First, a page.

I do it all for you, Reader, because
I need your lovin', gotta have ALL
your lovin', cause no one else
can do it like I do it for you, O
I give great page, cause
you're my reader n I'm your
poet and we're stuck to each other
like Velcro on Velcro (here me crow!),
because this is a blank page speaking,
and blankness sucks, abhorred by nature,
and if blankness could talk (and it does,
it does -- nothing else talks), what blankness
would say to you (blankness pretending
to imagine that you are its opposite)
is "Fill me up with yourself! Become me!"
This particular blankness is a blank page
of poetry, so must be filled up only
with Premium readers. (Try sonnets
for really high Octet.) (Or put Blake's
Tiger in your tank.)
And why shouldn't we fill our blankness
with blankness? It's as logical
as our government's attempts to use
American tanks to fill America's tanks.
It's the new chicken in every pot:
After enough lies we'll have,
in each car full of fuel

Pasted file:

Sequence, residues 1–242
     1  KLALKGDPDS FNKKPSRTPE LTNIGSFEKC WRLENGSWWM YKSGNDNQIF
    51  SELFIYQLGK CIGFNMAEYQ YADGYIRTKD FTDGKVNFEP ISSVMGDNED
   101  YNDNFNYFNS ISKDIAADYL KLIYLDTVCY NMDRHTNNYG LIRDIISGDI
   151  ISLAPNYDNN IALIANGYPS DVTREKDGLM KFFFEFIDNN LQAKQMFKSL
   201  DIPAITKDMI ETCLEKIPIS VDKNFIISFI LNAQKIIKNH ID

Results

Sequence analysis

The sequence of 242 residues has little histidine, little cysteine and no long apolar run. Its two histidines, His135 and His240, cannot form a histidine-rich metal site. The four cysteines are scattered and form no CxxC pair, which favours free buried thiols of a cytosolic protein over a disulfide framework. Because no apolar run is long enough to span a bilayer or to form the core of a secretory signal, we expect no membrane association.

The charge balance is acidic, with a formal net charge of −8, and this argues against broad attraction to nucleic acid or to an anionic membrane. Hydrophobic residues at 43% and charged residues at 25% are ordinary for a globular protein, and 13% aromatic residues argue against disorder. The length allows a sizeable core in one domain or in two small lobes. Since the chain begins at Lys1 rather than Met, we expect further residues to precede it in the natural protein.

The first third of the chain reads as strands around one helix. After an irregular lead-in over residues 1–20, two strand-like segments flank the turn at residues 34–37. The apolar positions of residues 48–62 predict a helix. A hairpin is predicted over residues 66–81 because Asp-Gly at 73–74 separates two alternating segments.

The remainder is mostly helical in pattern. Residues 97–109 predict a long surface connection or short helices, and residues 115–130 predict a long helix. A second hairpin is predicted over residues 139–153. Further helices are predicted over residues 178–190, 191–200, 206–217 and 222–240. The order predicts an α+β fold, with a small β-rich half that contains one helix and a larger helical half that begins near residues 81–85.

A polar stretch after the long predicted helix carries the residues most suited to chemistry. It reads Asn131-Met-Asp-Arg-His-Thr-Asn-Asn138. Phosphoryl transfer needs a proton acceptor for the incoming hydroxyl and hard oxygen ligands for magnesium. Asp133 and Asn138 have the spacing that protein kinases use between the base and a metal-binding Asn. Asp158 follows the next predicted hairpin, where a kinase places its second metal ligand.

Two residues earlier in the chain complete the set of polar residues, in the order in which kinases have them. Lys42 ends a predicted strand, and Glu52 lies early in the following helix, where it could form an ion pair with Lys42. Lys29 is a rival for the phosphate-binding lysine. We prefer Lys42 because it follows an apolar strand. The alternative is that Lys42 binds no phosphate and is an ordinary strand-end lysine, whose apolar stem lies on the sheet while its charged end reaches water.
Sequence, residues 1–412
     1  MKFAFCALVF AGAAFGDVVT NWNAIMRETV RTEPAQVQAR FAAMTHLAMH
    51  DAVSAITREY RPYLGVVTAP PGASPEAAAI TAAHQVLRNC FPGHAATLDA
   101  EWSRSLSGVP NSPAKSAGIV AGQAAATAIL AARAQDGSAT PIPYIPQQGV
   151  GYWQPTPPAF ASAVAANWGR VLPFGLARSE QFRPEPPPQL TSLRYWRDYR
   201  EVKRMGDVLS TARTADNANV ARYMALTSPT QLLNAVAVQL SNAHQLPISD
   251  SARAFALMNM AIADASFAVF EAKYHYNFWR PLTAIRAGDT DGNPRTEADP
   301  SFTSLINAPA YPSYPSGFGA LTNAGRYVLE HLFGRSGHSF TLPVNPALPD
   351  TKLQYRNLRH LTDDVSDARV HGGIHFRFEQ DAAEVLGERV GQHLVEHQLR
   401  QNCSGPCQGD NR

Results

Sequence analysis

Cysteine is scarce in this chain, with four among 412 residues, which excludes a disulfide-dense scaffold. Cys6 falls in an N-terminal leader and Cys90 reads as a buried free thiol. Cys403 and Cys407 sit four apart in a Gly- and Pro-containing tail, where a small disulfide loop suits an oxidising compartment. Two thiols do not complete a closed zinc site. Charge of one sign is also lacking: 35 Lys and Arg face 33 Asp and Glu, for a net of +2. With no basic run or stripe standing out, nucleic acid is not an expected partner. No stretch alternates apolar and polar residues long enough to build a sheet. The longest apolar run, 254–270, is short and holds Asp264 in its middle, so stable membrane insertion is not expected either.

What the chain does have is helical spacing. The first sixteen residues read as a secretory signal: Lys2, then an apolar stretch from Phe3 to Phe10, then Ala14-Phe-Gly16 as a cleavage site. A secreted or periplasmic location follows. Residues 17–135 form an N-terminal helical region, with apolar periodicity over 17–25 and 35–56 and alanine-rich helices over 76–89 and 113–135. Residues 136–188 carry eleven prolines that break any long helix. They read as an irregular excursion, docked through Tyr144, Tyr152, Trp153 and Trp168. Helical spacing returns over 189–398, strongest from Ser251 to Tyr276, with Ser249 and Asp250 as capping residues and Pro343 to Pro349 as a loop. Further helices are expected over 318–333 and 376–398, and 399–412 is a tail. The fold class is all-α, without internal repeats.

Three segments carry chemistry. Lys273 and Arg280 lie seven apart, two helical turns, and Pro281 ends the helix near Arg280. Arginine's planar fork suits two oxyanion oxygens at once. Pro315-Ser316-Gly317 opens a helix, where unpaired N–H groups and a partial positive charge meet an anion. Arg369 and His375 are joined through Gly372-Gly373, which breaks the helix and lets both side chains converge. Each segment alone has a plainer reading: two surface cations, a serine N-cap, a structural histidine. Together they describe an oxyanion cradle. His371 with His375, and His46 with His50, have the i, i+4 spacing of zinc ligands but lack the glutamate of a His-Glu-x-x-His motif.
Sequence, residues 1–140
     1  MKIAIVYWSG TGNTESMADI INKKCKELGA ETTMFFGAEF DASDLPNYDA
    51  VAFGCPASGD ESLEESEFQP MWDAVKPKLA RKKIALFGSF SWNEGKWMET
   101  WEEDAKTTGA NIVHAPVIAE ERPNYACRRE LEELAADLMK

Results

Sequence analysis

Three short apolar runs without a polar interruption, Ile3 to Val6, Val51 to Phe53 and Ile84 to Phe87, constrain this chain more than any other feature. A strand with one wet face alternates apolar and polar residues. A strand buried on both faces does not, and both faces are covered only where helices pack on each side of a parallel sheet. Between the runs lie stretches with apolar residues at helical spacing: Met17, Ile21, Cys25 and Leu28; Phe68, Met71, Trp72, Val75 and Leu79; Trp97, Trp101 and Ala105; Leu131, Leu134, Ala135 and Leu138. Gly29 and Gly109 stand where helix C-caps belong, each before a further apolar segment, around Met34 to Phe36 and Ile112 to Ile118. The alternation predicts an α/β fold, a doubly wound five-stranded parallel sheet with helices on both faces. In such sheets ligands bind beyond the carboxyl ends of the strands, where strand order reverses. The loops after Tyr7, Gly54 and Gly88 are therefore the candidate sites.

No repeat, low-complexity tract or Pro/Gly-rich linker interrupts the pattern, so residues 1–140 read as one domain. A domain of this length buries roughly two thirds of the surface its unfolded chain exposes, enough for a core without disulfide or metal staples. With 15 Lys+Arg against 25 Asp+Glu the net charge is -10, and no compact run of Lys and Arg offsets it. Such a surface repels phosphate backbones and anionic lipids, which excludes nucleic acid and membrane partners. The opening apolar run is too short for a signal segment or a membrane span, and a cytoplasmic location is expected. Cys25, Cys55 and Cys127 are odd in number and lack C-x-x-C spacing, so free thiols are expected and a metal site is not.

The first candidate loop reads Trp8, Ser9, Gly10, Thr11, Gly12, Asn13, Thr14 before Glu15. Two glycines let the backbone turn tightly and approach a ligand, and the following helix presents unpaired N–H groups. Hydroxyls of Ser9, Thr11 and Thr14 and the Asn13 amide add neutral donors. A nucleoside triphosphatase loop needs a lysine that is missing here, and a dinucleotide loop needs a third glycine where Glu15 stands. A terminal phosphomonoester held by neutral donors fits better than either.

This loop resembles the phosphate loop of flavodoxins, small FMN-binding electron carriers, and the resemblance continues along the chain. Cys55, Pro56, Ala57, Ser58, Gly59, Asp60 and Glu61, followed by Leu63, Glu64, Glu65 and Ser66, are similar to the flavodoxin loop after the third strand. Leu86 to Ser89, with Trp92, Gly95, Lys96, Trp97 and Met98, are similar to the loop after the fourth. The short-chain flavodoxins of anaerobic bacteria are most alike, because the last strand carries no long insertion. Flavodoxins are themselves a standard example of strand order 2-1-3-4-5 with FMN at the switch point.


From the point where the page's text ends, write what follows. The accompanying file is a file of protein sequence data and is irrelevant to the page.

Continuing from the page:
a car full of fools. Careful!
Blankness and fullness. I am fullness;
therefore, I fulminate and fulgurate,
am fulsome to my admirers (lovely
admirers!), blow smoke (fuliginously)
up the sunless orifices of critics.
Poems out of full cloth (a fuller fulls
cloth). My attitude? Fuller than thou.
Note: Stanza one echoes several old love songs. Re stanza 2: We're
told by physicists that "nature abhors a vacuum." (Our
cat abhors a vacuum cleaner.) The blankness says "fill me with
yourself" to readers, since it remains blank, in a way (though
full of printed words) until a reader contributes life to it, fills
it's vacant pronouns (such as "you") with him/herself,
etc. But poetry, snobbish stuff, wants to be filled up with only
the best readers (premium), like a high-class whore. Since filling
up with Premium refers to the gas pump, it leads us to Blake's tiger
(the one that's burning brightly in the forest of the night), because
for many years one of the major oil companies advertised it's gasoline
with "Put a tiger in your tank" (seems a cruel thing to
do to a tiger). "Use American tanks to fill America's tanks"
refers to our current (as I write) war in Iraq, where it seems to
me we are really fighting to procure a supply of oil. A tiger in
every tank and a chicken in every pot (and pot in most chicks as
the war on drugs loses to the war on terrorism).
Last stanza: "Fulgurate" flash quickly like
lightning or caffeine (Fulgur's Instant Coffee).